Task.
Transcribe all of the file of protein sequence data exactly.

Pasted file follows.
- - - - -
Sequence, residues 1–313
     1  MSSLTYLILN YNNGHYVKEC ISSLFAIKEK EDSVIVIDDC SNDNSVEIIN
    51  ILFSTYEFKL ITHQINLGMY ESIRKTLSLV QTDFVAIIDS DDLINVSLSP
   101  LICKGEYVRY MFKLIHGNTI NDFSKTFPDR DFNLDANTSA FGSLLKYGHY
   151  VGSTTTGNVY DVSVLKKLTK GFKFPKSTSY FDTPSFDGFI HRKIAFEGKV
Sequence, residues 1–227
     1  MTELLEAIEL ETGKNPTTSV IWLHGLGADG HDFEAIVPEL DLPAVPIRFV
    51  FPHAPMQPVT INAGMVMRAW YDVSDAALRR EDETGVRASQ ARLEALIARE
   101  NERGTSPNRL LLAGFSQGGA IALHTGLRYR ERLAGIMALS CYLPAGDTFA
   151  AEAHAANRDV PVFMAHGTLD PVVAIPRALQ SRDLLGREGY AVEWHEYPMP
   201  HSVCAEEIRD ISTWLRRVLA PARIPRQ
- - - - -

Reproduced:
Sequence, residues 1–313
     1  MSSLTYLILN YNNGHYVKEC ISSLFAIKEK EDSVIVIDDC SNDNSVEIIN
    51  ILFSTYEFKL ITHQINLGMY ESIRKTLSLV QTDFVAIIDS DDLINVSLSP
   101  LICKGEYVRY MFKLIHGNTI NDFSKTFPDR DFNLDANTSA FGSLLKYGHY
   151  VGSTTTGNVY DVSVLKKLTK GFKFPKSTSY FDTPSFDGFI HRKIAFEGKV
Sequence, residues 1–227
     1  MTELLEAIEL ETGKNPTTSV IWLHGLGADG HDFEAIVPEL DLPAVPIRFV
    51  FPHAPMQPVT INAGMVMRAW YDVSDAALRR EDETGVRASQ ARLEALIARE
   101  NERGTSPNRL LLAGFSQGGA IALHTGLRYR ERLAGIMALS CYLPAGDTFA
   151  AEAHAANRDV PVFMAHGTLD PVVAIPRALQ SRDLLGREGY AVEWHEYPMP
   201  HSVCAEEIRD ISTWLRRVLA PARIPRQ